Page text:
Well, the recent result and investor day have turned me around on TGR (Tassal group, the salmon and prawn guys).

The story always looked good, with sales growing at a great clip.


Same with earnings…


But you’d (continually, as was the case with us) balk at the cashflows.


Salmon farms are capital intensive, and the harvest cycle is long relative to other animal proteins. Chickens can be turned around in months, salmon take years to go from smolt (young) to salmon (large, adult).

Hence we come to the current period, where management, (in the recent results commentary) and again at the investor day, earlier this month, repeatedly suggest that salmon production has now reached a sufficient, sustainable scale…


…above is the harvest, and below is the biomass.


And from that commentary, that capex, the bane of the business for the past half a decade, can now moderate.

This seems plausible, with capex visibly declining, when we look across the financials, and importantly is guided to stay lower, and OCF higher, as a result of the prior expansion/investment.


Management refer to this as a step change in the cash generative nature of the business, and to our mind, means the market can stop placing such a discount on an otherwise reasonable premise (consumer preference shift [eating healthier salmon in developed countries, and less red meat], income shift (eating less vegetable protein, and more animal protein in developing countries as incomes grow) and lower C02 and water consumption intensity, compared to chicken, beef, which is environmentally friendly].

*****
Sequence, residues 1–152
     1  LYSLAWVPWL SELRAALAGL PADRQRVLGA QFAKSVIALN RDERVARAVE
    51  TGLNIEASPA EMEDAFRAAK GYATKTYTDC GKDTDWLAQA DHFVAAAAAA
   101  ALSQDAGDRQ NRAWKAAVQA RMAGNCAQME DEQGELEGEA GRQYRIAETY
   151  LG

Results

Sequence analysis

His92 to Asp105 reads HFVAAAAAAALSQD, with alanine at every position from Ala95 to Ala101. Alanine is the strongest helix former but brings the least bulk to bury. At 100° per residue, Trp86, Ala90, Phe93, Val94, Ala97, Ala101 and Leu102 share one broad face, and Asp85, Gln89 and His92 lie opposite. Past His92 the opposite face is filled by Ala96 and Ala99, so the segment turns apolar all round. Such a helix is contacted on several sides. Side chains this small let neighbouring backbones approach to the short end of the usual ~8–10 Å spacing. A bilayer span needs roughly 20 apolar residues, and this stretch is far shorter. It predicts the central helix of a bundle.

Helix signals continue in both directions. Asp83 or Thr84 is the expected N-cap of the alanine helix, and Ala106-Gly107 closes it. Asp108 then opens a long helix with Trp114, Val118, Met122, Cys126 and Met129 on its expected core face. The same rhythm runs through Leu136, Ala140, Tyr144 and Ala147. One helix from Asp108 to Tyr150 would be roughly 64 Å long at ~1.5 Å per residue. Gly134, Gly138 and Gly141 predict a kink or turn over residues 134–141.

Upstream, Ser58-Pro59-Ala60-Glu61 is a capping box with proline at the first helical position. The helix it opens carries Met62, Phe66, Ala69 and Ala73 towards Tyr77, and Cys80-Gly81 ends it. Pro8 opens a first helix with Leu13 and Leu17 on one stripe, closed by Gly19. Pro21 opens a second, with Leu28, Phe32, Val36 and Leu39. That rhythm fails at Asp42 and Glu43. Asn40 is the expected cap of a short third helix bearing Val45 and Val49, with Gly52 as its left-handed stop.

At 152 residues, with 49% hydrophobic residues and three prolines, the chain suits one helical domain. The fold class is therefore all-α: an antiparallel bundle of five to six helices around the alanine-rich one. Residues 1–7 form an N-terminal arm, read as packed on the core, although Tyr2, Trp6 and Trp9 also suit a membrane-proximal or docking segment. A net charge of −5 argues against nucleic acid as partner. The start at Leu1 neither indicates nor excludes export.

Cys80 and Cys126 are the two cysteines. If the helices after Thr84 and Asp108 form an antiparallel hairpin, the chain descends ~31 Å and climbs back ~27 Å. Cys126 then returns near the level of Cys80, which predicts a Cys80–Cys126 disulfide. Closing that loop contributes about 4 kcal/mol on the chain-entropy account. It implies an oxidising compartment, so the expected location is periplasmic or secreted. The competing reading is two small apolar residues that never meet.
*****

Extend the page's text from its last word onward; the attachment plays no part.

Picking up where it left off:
It’s also pretty essential given that gearing is quite high, and where interest rates are repricing to, e.g. higher cost of debt.

These measures (which including the operating leases) will move towards more sustainable, through cycle gearing metrics, assuming all goes well, meaning TGR are hitting their stride more or less in the nick of time.


Salmon prices are likely unsustainably high, affected by the same sorts of common macro factors driving all commodities, including the UKR-RUS conflict.

But the share price does not reflect these very high prices (understandably so, given domestic sales to powerful customers).


Compared to other names in the space, it screens favourably, almost certainly given the historical aversion to money “poured straight into the sea”.


The embedded earnings expectations seem fairly low, i.e. achievable, to our mind, particularly as a) prawns grow as a share of the business (with quicker harvesting cycles, better returns, less capital intensity) and b) those presently high prices.


Part of the worry has to concern trade with global markets, in a world of decentralisation and trade and tariff wars.

And of juggling the mix shift between international prices, domestic prices, and segments of domestic pricing (e.g. in home, out of home), all of which can have significant bearing on profits.

But we think, at current valuations, the share price seems to provide some comfort to these risks.

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